“To me, that’s raping Medicaid.”
A UMMC spokesperson said HIPPA laws prevent the hospital from commenting on any patient visit.
Generally, if a doctor determines a patient should be admitted to the psychiatric unit and no beds are available, UMMC policy says the patient should be cared for in the emergency department until he or she is transferred.
UMMC does not, however, admit patients “for the primary diagnosis of drug and/or alcohol dependency,” according to the spokesperson.
The Clarion-Ledger did not have access to John’s medical bill, which was sent to Medicaid, but his 24-hour journey through Mississippi’s mental health system easily cost thousands in taxpayer dollars, whether paid by Medicaid or eaten by the public hospital.
Based on 2017 rates, Medicaid would pay more than $1,000 for the 152-mile ambulance ride alone.
Had it been spent on community services, $1,000 could have paid for five psychological evaluations, 13 days of day treatment and 10 group therapy sessions for a patient, based on Medicaid rates.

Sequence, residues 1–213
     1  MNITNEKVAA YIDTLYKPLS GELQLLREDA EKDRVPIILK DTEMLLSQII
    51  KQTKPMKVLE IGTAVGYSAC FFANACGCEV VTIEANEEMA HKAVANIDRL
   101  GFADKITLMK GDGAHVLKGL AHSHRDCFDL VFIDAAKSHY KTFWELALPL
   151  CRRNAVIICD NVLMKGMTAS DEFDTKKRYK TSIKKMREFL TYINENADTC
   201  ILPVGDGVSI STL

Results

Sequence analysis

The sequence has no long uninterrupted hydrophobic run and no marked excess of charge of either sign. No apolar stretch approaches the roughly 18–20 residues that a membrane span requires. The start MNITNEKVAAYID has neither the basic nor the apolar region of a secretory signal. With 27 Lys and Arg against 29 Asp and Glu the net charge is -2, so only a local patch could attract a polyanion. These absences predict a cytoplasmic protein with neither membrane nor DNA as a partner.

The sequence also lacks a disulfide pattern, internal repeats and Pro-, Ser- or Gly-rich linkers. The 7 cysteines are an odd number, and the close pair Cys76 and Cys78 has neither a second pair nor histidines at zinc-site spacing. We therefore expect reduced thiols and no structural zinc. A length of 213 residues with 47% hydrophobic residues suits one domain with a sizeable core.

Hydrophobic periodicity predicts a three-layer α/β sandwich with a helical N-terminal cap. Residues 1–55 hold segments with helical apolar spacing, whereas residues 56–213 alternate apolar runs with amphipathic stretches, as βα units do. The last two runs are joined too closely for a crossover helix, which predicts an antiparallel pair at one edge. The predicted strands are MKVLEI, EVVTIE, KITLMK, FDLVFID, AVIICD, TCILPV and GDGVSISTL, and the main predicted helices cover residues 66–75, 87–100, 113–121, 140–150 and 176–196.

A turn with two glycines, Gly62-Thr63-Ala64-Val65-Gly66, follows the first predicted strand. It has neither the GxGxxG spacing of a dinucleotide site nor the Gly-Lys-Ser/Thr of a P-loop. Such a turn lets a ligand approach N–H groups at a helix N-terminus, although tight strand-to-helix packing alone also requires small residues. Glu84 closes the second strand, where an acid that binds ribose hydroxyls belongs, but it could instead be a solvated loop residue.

For less than $6,000, community centers could provide a patient with day treatment every day for six months.
“This is just another example of dollars wasted for somebody to not get the help they needed because of a breakdown in communication and coordination of care,” said Region 7 Executive Director Jackie Edwards.
At 9:30 a.m. the day after his hospital stay, UMMC released John without giving him so much as an aspirin, Harrison said, leaving him to wait outside for several hours until his mom arrived to pick him up.
UMMC recommended John continue taking the medication he stopped taking last year when he started working and lost his Medicaid benefits, Harrison said. But the hospital did not give him a prescription for it.
“He wants his meds back,” Harrison said. “He knows he needs them, but street drugs are a whole lot cheaper.”
In seeking help that Wednesday, John followed through on his part. The system failed him.
“I feel like I just went through a process for a pointless reason,” John said. “Everyone trying to help just got spit on in the process.”
Harrison was one of those people.
Because her job includes following up with her clients, Harrison discovered John had been released from the hospital instead of being held for treatment. Harrison then scheduled him a doctor’s appointment the next morning with Region 7’s psychiatrist in nearby West Point, who was able to prescribe the needed medication.
“I sure wish he would have stayed in the hospital,” the psychiatrist told Harrison after seeing him.